The parade of world leaders through the streets of central Paris made a mockery of the dead cartoonists; some of those who linked arms did all they could to suppress freedom of expression in their own countries.
Nick Cohen, in You Can’t Read This Book, lays out what he sees as the greatest threat to free speech that we currently face. Despite having been published in 2012, the situation described feels completely contemporary and is still very much a worthwhile read. His main message is that free speech, aided by new technology, should not be taken for granted, and that this applies to the freer Western countries just as much as the world’s less free countries. He divides the book into three parts: God, Money and State. Each poses a risk to freedom of speech in different ways. Each is assumed to have been mitigated by new technology. Each has harnessed this new technology for its own oppressive ends.
Mr. Cohen first discusses the issues surrounding free speech when it comes up against the wall of blasphemy. This is particularly felt along the fault lines between Islam and Western secularism. As Mr. Cohen lays out in detail, when the going gets tough, our commitment to free speech and expression in the West takes the path of expediency. Our collectively corroded spine was most devastatingly betrayed by our abandonment of Salman Rushdie, who was left out in the cold facing the guns, bombs and blades of the Ayatollah’s fatwa followers without the support of his fellow intellectuals and many in government. He was a troublemaker, in their view, who had it coming to him. Did this apply to his publishers and translators who were firebombed, and even killed?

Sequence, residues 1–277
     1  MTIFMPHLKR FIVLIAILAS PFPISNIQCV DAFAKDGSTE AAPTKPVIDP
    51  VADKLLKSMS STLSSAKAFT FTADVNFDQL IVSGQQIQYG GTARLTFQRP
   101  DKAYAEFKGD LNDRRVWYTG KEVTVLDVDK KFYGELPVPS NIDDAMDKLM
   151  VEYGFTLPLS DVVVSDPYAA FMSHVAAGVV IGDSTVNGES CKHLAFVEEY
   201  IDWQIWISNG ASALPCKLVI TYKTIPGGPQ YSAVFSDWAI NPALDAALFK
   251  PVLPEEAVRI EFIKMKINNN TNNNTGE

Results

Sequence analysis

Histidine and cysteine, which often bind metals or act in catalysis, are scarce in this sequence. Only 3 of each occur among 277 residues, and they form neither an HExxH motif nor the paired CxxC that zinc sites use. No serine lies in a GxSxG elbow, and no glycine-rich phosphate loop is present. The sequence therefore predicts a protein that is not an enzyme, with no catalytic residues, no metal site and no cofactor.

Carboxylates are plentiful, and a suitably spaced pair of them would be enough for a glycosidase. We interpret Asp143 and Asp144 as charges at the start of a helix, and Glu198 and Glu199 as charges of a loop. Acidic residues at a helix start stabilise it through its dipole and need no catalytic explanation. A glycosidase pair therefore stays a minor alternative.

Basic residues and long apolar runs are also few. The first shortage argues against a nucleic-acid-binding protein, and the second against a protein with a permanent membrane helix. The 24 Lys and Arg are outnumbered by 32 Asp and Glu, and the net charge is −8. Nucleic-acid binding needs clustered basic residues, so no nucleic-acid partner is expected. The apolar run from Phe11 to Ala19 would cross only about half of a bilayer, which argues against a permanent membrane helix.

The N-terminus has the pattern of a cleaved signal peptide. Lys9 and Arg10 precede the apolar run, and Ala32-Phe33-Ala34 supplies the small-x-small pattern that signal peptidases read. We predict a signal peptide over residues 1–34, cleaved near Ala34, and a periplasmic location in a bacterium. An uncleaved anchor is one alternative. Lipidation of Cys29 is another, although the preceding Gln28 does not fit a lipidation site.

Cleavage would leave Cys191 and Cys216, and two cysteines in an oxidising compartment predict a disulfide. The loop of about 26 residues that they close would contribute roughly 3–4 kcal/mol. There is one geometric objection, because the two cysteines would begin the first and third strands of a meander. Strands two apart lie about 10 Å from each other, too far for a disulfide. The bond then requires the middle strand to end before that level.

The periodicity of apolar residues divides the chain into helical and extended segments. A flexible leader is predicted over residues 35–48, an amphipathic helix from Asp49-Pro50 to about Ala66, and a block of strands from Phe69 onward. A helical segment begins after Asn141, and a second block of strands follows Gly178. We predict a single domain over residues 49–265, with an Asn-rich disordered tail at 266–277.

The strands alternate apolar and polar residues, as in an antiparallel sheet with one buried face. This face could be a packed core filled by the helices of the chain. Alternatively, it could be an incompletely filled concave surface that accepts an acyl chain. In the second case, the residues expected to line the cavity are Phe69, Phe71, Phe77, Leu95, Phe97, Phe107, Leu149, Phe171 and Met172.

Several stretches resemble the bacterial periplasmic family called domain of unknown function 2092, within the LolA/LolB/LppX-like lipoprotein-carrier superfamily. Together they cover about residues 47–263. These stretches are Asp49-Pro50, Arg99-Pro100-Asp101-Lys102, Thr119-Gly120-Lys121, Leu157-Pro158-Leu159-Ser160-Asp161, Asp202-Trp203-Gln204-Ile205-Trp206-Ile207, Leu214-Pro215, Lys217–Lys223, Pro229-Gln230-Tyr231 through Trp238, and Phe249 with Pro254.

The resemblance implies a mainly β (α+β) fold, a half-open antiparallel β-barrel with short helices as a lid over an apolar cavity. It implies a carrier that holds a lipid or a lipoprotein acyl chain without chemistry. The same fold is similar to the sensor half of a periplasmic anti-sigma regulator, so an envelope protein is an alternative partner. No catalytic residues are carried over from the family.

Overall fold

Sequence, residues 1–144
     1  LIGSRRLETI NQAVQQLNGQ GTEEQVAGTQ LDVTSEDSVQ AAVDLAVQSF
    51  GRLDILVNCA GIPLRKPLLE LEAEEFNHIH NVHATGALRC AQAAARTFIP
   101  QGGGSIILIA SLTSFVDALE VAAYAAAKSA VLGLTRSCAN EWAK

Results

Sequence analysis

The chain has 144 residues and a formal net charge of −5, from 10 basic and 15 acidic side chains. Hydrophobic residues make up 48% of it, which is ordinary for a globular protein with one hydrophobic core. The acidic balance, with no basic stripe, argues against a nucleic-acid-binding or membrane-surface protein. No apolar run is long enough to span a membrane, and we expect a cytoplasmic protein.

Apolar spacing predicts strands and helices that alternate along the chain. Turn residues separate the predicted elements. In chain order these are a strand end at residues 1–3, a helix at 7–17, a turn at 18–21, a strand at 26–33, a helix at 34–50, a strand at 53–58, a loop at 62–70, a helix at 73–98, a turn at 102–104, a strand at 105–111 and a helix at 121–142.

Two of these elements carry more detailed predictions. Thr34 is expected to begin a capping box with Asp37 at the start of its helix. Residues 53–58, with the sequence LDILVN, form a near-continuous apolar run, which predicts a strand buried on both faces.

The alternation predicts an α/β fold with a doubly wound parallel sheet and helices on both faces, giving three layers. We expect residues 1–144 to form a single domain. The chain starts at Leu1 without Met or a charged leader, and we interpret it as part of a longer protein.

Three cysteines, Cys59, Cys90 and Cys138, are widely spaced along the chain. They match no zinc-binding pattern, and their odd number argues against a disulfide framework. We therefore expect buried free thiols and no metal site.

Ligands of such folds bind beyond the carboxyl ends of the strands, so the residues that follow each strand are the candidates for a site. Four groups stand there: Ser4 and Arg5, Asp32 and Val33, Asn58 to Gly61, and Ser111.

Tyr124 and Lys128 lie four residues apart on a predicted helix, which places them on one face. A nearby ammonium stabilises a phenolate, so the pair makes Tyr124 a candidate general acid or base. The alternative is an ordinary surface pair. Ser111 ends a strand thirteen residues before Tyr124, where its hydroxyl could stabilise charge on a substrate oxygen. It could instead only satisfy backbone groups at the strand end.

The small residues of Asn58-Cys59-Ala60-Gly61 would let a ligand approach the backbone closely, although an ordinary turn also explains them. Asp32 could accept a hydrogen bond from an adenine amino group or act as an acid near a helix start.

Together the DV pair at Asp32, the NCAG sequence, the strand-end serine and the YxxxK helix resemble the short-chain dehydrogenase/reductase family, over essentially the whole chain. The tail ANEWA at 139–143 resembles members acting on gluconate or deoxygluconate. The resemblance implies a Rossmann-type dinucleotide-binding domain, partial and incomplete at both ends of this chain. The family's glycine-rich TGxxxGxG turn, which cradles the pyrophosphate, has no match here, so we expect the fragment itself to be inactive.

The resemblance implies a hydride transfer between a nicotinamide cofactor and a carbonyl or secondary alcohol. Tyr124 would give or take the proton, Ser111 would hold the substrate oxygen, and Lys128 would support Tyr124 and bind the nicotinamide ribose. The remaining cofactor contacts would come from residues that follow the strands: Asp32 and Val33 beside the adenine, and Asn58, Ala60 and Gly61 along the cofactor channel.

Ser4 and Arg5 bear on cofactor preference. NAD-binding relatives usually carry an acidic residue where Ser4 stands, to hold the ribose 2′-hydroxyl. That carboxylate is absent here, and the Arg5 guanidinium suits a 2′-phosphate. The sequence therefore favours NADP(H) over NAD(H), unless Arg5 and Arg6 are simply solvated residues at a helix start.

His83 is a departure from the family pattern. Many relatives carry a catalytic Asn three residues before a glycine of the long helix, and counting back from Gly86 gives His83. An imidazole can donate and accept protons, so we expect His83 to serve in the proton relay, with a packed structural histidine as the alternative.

The failure to stand up to the Islamic fundamentalists and their blasphemy censorship when it came for Mr. Rushdie was prophetic; Ayaan Hirsi Ali proved too independent-minded for the self-proclaimed universalists and lovers of freedom in Holland, and she was forced into hiding for preaching what she thought were universal values that the Dutch held close to their hearts; it turned out that it was really her fault that the murder of Theo Van Gogh caused all the trouble it did. The massacre of the staff of Charlie Hebdo in 2015 displayed the moral lacuna at the heart of modern culture: They also brought it upon themselves. The parade of world leaders through the streets of central Paris made a mockery of the dead cartoonists; Palestine under Mahmud Abbas is not exactly a haven for satire of Muhammad or Islam. Meanwhile, the inanity of holding up a pencil rather than the cover of Charlie Hebdo in opposition to the Kalashnikov completed the act of the metaphorical grave dancing that took place that day.
Those who linked arms in Paris would know of Britain’s suffocating libel laws that allow virtually anyone from anywhere to bring libel suits against those who might have portrayed them in a less than flattering light. As Cohen outlines in his discussion in the part titled Money, on how the wealthy sue these libel laws against those who can’t fight back for lack of funds, these laws allow the rich to stifle those who might speak out against their activities. Robert Maxwell is given as a prime example in the book as well as the company Trafigura, while others that are not include Saudi Arabian royal despots as well as other oppressive statesmen and religious authorities. Those in the world of celebrity must also be included; recall Roman Polanski and his suing of Vanity Fair for claiming that he had an affair shortly after his wife’s death. His aim was to emphasise his sexual fidelity and to seek damages against those who would impugn that. Never mind that he was a convicted child rapist.